Best Practice Guide: Battery Storage Equipment – Electrical Safety Requirements (Australia)


“The guide provides minimum electrical safety criteria that could be applied to lithium-based battery energy storage equipment and is the result of extensive collaboration from system manufacturers, certifiers, safety regulators and industry bodies around Australia.”

“The Guide is voluntary for use by anyone in the supply chain of battery storage equipment. It is not referred to in any legislation as a mandatory requirement however, both electrical safety legislation and Australian Consumer Law requires electrical equipment to be safe and fit for purpose.”

Source: http://www.batterysafetyguide.com.au/

IEC 62368-1 Ed 3 FDIS APPROVED


IEC 62368-1 ED3: Audio/video, information and communication technology equipment – Part 1: Safety requirements has now been approved in the voting results as an international standard according to  http://www.iec.ch/dyn/www/f?p=103:52:0::::FSP_ORG_ID,FSP_DOC_ID,FSP_DOC_PIECE_ID:1311,1011222,319501

Twenty six P-Members voted, and 100% of those were in favour, with no negative votes recorded. For those who have TC 108 sign-in credentials, the compilation of comments document can also be downloaded from the above link.

New world record set in quantum computing simulation


Melbourne scientists have simulated the output of a 60-qubit quantum computer, which in general would require up to 18 000 petabytes, or more than a billion laptops, to describe.

The university’s simulation (was asked) to use Shor’s quantum factoring algorithm to find the two prime numbers (of) the semi-prime 961 307…. This enabled the simulation to solve the equation using just 13.8 terabytes of memory (instead of up to 18 000 petabytes).

Source: New world record set in quantum computing simulation

AS/NZS 3000:2018 (wiring rules) released


The 2018 edition of the Wiring Rules (AS/NZS 3000:2018) has now been released. You can purchase the new standard on the SAI Global’s website.

Some of the changes from the previous edition include:

  • new requirements for safety switches
  • enhanced requirements for MEN earthing systems, including bonding of pool structures and wet areas
  • increased mechanical protection for cables installed within a ceiling space
  • additional installation requirements for electrical appliances, accessories and equipment
  • enhanced safety requirements for electrical equipment installed in locations exposed to water
  • five new appendices:
    • continuity of supply for active assisted living
    • electrical conduits
    • installation of arc fault detection devices
    • guidance for the installation and location of electrical vehicle charging stations
    • DC circuit protection and switching devices.

Source: https://www.vision6.com.au/v/15149/1802717546/email.html?k=G5D9DMvjsotyBaNckJ2rmuVZTOH0MSr0MturTP8mwE8

Australian Measurement Law Review


Measurement Law Review

The Australian Government is conducting a thematic review of the legislative framework underpinning Australia’s measurement system. The Measurement Law Review aims to identify any aspects of Australia’s measurement framework that can be modernised, streamlined or simplified to better meet the needs of a modern economy. Options for reform are expected to be presented to the Australian Government in 2020.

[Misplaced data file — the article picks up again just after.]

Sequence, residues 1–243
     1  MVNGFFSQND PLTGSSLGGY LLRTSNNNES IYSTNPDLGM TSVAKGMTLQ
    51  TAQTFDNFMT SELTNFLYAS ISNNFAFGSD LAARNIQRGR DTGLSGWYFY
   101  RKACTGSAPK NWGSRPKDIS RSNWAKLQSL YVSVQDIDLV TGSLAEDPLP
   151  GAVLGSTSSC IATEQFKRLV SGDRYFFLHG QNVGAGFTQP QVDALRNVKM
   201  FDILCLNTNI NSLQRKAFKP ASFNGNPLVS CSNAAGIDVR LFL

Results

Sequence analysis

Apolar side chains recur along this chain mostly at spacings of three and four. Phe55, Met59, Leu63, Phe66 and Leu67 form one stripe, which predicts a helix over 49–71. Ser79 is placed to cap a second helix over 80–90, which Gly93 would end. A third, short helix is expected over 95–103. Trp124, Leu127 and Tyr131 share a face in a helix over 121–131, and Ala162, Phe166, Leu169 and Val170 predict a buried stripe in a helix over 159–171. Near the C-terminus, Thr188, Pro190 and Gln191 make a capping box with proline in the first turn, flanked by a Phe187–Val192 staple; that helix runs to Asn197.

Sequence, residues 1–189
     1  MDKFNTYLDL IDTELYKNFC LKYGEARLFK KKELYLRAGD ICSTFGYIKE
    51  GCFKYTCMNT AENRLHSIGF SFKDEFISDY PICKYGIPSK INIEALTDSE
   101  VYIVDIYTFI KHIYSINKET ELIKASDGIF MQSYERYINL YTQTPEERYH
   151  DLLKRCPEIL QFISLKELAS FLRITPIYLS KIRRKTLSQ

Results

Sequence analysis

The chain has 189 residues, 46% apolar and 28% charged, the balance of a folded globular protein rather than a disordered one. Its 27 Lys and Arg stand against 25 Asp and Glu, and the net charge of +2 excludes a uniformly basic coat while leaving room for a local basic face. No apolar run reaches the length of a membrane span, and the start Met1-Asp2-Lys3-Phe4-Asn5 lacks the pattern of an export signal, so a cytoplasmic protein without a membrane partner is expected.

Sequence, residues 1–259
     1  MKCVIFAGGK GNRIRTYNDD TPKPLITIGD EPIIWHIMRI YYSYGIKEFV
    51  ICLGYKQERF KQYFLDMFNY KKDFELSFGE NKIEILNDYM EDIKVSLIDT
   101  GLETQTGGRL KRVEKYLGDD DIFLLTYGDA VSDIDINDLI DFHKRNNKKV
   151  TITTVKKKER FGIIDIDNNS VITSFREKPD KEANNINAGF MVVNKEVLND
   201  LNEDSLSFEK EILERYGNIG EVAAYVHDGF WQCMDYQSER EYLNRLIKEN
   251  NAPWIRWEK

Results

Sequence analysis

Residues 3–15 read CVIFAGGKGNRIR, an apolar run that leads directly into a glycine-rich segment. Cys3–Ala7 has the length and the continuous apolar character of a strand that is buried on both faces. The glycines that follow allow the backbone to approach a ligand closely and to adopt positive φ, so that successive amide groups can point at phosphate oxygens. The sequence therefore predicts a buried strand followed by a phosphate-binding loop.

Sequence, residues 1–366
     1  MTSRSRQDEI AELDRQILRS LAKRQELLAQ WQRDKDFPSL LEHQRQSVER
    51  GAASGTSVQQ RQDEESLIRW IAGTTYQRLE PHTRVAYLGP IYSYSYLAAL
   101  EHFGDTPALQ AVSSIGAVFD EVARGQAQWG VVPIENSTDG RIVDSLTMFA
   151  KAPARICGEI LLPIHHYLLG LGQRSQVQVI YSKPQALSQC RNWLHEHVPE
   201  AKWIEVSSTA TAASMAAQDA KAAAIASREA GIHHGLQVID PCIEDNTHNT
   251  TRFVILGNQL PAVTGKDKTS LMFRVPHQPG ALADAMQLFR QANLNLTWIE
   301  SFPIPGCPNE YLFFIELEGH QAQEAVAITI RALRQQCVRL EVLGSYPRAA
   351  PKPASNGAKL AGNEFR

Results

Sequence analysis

Source: Measurement Law Review

National Measurement Act 1960

Japanese researchers develop ultrathin, highly elastic skin display


“The new integrated system combines a flexible, deformable display with a lightweight sensor composed of a breathable nanomesh electrode and wireless communication module. Medical data measured by the sensor, such as an electrocardiogram, can either be sent wirelessly to a smartphone for viewing or to the cloud for storage. In the latest research, the display showed a moving electrocardiogram waveform that was stored in memory … The display is stretchable by as much as 45 percent”

Source: Japanese researchers develop ultrathin, highly elastic skin display

Extended call for papers: IEEE 2018 TENSYMP: “The Impact of the Internet of Things”


IEEE 2018 TENSYMP

July 4th-6th, 2018
Sydney, Australia

Hosted by IEEE Region 10 & the IEEE NSW Section

“The Impact of the Internet of Things”

Due to many requests the closing date for paper submission has been extended further to 16 April 2018 (final deadline).

The aim of Tensymp is to bring engineers and scientists together to discuss and share advances in electronics, communications, computer technology, and power engineering. Papers are being sought on the following topics relating to, but not limited to, IoT:

  • Power Engineering
  • Electronics
  • Software
  • Healthcare and Biomedical Engineering
  • Artificial Intelligence
  • Internet of Things
  • Microwaves, Antennas & Propagation
  • Industry Presentations
  • Social Implications of Technology

Submissions may be made as an extended abstract (up to 2 pages), or as full paper (maximum of 6 pages). Authors intending to submit a poster, shall submit an extended abstract (up to 2 pages) for review.

Industry presentations are also invited, these may be power point only presentations. Authors may also submit full papers. They should cover topics of interest to practitioners, thus they need not cover latest research. Industry presentations should be either 30 or 60 minutes in length as more detailed coverage is expected compared to the short oral research presentations. Please submit an extended abstract (up to 2 pages) for review

All accepted presentations will be published in the conference proceedings that will be submitted to IEEE Explore and for indexing.

Please visit the following website for more details:
http://sites.ieee.org/tensymp2018/

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